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Fuller RW. 
“Effects of p-chloroamphetamine on brain serotonin neurons”. 
Neurochem Res. 1992 May 22;17(5):449-56.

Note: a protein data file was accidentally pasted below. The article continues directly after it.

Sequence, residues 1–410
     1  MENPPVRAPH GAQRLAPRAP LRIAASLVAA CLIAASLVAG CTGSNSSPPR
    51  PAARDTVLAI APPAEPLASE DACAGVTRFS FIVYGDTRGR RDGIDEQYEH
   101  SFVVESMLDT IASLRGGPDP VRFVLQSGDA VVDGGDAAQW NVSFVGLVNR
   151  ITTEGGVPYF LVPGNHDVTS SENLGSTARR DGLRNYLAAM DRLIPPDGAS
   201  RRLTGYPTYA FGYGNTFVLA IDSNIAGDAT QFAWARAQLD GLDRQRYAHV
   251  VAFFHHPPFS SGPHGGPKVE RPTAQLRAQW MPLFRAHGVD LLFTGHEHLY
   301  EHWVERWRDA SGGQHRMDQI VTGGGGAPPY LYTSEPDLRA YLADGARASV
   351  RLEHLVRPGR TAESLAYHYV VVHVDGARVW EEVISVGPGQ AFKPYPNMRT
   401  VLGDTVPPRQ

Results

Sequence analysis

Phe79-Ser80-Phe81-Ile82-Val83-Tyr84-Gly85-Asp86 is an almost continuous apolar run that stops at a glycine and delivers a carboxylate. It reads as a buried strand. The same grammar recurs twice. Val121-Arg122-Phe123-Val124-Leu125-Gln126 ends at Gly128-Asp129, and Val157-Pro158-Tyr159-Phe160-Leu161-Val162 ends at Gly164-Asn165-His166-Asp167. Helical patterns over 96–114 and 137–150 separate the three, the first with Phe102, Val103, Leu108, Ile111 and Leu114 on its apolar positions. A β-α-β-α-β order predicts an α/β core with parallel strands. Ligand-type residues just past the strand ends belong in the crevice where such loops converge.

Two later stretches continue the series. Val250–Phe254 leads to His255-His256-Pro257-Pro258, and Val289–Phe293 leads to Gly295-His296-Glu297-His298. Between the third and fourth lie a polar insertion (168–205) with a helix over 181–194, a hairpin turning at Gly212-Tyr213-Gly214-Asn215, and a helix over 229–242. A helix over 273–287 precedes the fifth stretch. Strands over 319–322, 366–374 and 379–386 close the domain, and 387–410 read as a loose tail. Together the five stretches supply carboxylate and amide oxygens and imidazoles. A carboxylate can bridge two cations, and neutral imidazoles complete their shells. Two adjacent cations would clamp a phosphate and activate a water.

p-Chloroamphetamine (PCA) is a useful pharmacologic tool for selectively increasing brain serotonin function acutely by release of serotonin into the synaptic cleft. PCA produces behavioral, neurochemical and neuroendocrine effects believed due to serotonin release after doses in the range of 0.5-5 mg/kg. At higher doses and at longer times, PCA causes depletion of brain serotonin. The mechanisms of this depletion are not well understood but require the serotonin uptake carrier. Antagonism of PCA-induced depletion of brain serotonin is a useful means of assessing the ability of a compound to block the serotonin uptake carrier on brain serotonin neurons. PCA can also be used as a neurotoxic agent to deplete brain serotonin in functional studies, apparently by destroying some serotonergic nerve terminals. Used in this way, PCA has an advantage over 5,6- and 5,7-dihydroxytryptamines in being effective by systemic injection, and it affects brain serotonergic projections with a different neuroanatomic specificity than the dihydroxytryptamines.
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